I'll never forget the day. My new son from India had just walked off the plane wearing cotton shorts, a ragged shirt and no shoes, as he was welcomed by cold December air and snow.
He clung, crying, to the man who carried him, presumably begging to not be left behind. His tears caused my own to flow.
I wanted to reassure him that all would be well, but he spoke only Tamil, and I only English. I longed to tell him that I, too, was terrified.
We'd been promised a little girl, only to be told later by the orphanage that our girl was actually a 3-year-old boy. Already having three adopted boys, we made preparations to welcome the fourth. Then a call came from the U.S. Embassy. Our son was ready to leave the country, but his age didn't match the paperwork. Our 3-year-old boy was closer to 8, perhaps even 9.
I'll never forget the weight of those five simple words: "Do you still want him?"
It was a question that didn't need to be asked. Our hearts had already accepted this homeless child as family - no matter his age.
So that cold, December day, we put our terrified son into the car, brought him home, and introduced him to conveniences he'd never known in India: carpet, hot running water, electricity, a pantry full of food. For months we kept him close, taught him English, explained as best we could the dos and don'ts of American life. We also changed his name from Chellamuthu to Taj, understanding that once he started school, it would be a necessity for him to have a name other children could pronounce.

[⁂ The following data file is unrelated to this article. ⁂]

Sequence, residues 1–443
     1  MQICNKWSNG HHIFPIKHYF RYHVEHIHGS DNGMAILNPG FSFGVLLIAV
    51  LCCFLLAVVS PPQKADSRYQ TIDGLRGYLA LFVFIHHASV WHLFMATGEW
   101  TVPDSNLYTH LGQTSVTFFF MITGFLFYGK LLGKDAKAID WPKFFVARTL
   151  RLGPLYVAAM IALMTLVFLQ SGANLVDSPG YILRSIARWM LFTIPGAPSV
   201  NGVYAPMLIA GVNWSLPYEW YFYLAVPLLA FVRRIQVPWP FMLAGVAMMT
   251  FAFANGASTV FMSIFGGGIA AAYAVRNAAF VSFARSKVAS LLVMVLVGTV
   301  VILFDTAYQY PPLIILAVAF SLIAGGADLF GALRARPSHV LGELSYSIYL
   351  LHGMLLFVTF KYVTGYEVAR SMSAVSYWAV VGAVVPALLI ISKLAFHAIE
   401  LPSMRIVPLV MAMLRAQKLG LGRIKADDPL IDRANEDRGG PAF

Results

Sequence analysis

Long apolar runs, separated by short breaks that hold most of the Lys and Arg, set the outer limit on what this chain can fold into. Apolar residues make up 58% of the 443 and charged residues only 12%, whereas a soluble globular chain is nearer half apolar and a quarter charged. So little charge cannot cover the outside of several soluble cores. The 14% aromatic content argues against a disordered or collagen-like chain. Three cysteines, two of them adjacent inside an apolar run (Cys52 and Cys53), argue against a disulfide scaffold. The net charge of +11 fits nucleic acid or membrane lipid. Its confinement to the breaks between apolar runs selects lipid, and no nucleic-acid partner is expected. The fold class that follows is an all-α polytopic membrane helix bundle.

We enrolled Taj and his brothers in "Cub Wrestling," and after a few weeks he won a third-place ribbon. When the pictures we took of the special moment came back, Taj thumbed through them, mesmerized. He stopped at the picture showing him proudly holding his ribbon, and then spoke a few halting words: "I show ... mother?"
"What do you mean?" I asked, turning to face him. "I'm your mother."
"NO! India mother!"
I grabbed his shoulders, locking my eyes on his. "Are you saying that your mother in India is alive?"
He was already nodding. "Yes! India. Mother. Father. Brothers. Sisters."
The orphanage had promised our son had no family — that he'd been begging on the streets - and I realized now that that was a lie.
We wrote to the orphanage owner demanding more information about our son's family. He wouldn't respond. When we called, whoever answered would hang up. We tried other avenues, and followed leads on our own, but nothing ever brought answers - and so we eventually had to move on.
Our son grew and adapted, and left his past behind to bravely face his future in America. To the average acquaintance, Taj was adjusting fine. Mothers, however, have a way of seeing past the façade.
I felt Taj was struggling with questions that were pushing through the cracks in his heart: "Who am I? How did I end up here? What happened to my family in India?"
Perhaps trying to find himself, Taj eventually studied abroad in London, England. Unbeknownst to him (or any of us), London is home to perhaps the largest group of Indians outside of India.
As he mingled with the people, memories arose. The smell of curry, the colorful dresses, the language; these would all bring back pieces of his childhood. While in England, he even drew a basic map of his village in India.